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Australian VC investment plunges 53% in 2023

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In 2023, Australian start-ups received a total investment of US$2.54 billion, marking a decrease from the US$5.44 billion recorded in 2022, as reported by KPMG Australia. 

The global venture capital landscape faced challenges in 2023 due to economic uncertainties, geopolitical tensions, conflicts, and ongoing concerns about the valuations of VC-backed companies. KPMG’s Private Enterprise Venture Pulse report indicates a 53% decline in Australia’s total deal value, with global venture capital dropping from $531.4 billion in 2022 to $344 billion in 2024 – the lowest since 2019. The data from KPMG Venture Pulse reveals a reduction in Australian VC deals from 714 in 2022 to 482 in 2023.

Amanda Price, Head of High Growth Ventures, KPMG, commented: “2023 was a very challenging year for Australian VC market, as high interest rates and levels of inflation, ongoing concerns about valuations, and a challenging exit environment number of factors combined to drive up uncertainty and investor caution.”

“VC investment globally is expected to remain relatively depressed given the ongoing conflicts in the Ukraine and the Middle East, the stubbornly high inflation and interest rates, and the expectation of three major elections during 2024, including the European Union parliamentary election, the US presidential election, and the UK general election,” said Price.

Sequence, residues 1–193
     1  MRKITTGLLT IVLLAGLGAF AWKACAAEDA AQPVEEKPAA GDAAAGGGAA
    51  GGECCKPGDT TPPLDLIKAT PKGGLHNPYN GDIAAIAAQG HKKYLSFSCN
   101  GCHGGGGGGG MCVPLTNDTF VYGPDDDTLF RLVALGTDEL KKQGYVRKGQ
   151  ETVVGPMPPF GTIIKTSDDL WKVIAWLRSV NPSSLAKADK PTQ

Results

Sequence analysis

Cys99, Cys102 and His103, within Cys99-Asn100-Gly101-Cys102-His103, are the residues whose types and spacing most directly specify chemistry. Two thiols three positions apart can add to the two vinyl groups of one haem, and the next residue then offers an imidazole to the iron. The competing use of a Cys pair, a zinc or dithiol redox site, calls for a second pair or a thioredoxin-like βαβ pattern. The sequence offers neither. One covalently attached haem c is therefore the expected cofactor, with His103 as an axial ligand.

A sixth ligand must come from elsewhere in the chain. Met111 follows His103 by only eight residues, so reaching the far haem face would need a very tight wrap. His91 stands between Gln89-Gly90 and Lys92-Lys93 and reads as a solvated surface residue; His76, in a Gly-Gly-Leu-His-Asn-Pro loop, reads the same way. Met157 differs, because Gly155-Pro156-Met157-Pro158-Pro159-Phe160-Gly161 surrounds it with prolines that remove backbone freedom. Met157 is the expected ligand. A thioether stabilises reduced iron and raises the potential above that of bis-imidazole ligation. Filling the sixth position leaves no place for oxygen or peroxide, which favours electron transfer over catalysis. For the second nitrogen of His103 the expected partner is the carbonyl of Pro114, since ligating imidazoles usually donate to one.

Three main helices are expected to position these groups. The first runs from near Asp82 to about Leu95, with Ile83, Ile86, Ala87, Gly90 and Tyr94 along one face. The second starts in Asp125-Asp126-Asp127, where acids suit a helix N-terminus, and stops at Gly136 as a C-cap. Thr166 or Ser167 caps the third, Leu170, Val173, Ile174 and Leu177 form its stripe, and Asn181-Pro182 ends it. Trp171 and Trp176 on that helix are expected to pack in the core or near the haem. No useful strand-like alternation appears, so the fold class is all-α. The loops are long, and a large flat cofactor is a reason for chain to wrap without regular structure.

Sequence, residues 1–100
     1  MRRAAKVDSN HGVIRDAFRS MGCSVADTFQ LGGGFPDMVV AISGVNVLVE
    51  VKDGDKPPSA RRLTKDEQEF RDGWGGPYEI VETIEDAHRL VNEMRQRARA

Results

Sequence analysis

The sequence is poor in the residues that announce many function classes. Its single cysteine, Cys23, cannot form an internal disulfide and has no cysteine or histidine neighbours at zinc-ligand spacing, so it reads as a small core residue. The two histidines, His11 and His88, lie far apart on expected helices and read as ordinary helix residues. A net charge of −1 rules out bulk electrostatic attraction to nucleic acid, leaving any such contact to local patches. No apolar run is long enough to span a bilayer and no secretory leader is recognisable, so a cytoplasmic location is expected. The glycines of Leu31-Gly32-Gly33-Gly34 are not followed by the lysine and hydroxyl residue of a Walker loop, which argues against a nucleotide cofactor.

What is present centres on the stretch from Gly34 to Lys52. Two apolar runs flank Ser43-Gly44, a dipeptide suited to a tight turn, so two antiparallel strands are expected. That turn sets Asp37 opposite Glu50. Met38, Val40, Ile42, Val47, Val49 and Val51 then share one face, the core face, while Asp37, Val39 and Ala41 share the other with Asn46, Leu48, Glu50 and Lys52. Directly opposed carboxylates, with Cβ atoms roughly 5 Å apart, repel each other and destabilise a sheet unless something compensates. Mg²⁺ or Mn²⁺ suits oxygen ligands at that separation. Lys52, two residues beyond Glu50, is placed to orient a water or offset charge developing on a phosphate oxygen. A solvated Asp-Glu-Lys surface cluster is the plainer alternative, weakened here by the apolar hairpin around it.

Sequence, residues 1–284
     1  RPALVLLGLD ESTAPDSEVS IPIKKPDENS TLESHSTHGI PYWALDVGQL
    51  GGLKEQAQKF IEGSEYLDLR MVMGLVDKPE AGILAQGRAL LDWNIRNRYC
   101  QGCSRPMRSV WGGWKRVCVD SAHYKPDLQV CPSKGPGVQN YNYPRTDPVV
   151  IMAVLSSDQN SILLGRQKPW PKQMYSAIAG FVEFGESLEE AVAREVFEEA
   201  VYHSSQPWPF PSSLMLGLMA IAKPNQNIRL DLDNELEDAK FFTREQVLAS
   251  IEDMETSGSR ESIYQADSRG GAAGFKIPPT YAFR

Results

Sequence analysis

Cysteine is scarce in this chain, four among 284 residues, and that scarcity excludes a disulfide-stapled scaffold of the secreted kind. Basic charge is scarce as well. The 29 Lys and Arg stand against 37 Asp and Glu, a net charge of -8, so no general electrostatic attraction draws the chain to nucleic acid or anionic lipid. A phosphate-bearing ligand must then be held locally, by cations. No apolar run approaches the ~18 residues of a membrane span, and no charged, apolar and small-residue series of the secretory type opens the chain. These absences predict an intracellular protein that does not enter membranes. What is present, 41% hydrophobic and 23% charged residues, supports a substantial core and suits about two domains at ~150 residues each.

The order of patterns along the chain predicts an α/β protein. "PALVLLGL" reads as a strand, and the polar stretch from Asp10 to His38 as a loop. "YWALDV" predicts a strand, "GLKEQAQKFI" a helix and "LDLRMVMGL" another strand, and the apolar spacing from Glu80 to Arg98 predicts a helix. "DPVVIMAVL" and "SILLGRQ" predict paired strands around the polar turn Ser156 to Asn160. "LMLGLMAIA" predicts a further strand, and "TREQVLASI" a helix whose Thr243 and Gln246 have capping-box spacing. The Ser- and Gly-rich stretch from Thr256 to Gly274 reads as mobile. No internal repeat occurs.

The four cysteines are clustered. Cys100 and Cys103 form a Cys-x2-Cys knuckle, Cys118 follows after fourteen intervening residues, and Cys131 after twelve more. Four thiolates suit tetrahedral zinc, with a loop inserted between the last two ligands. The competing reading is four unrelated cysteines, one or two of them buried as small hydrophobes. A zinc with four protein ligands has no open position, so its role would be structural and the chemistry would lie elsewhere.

YearDeal value ($B)Deal count2020$2.395542021$5.628112022$5.377142023$2.54482

Source: KPMG Private Enterprise Venture Pulse

Shift in focus for Australian startups as access to capital falls

The drop in funding has led to a shift in focus for startup founders. Over the course of 2023, economic conditions and increasing pressure from investors has forced startups to re-evaluate their growth plans. VC investors have pressured companies within their portfolios to become more capital efficient, and to adjust their business plans to focus more intensely on achieving profitability rather than top-line growth.

Startup founders have also had to work hard to avoid down rounds – or raising at a lower valuation than a previous investment. This has meant undertaking significant cost-cutting measures, conducting inside rounds, or by obtaining bridge financing to extend their financial runway. Much of this activity, initially, occurred under the radar as companies focused on raising add-ons to existing rounds. In addition to down rounds, the last three months of 2023 also saw more startups shutting down globally — a trend that will is expected to continue as more companies are unable to secure fresh investment.

“Given how uncertainty has saturated the VC market globally over the past eighteen months, however, any signs of economic stability could lead to a sudden shift in investor sentiment. Interest rates will be a key factor to watch, as will the ongoing performance of some of Australia’s more prominent startups over the course of the year. Regardless of macro-economic trends, startups will continue to attract investment in emerging areas such as AI, cleantech, healthtech and defencetech,” Price added. 

More about the KPMG survey here

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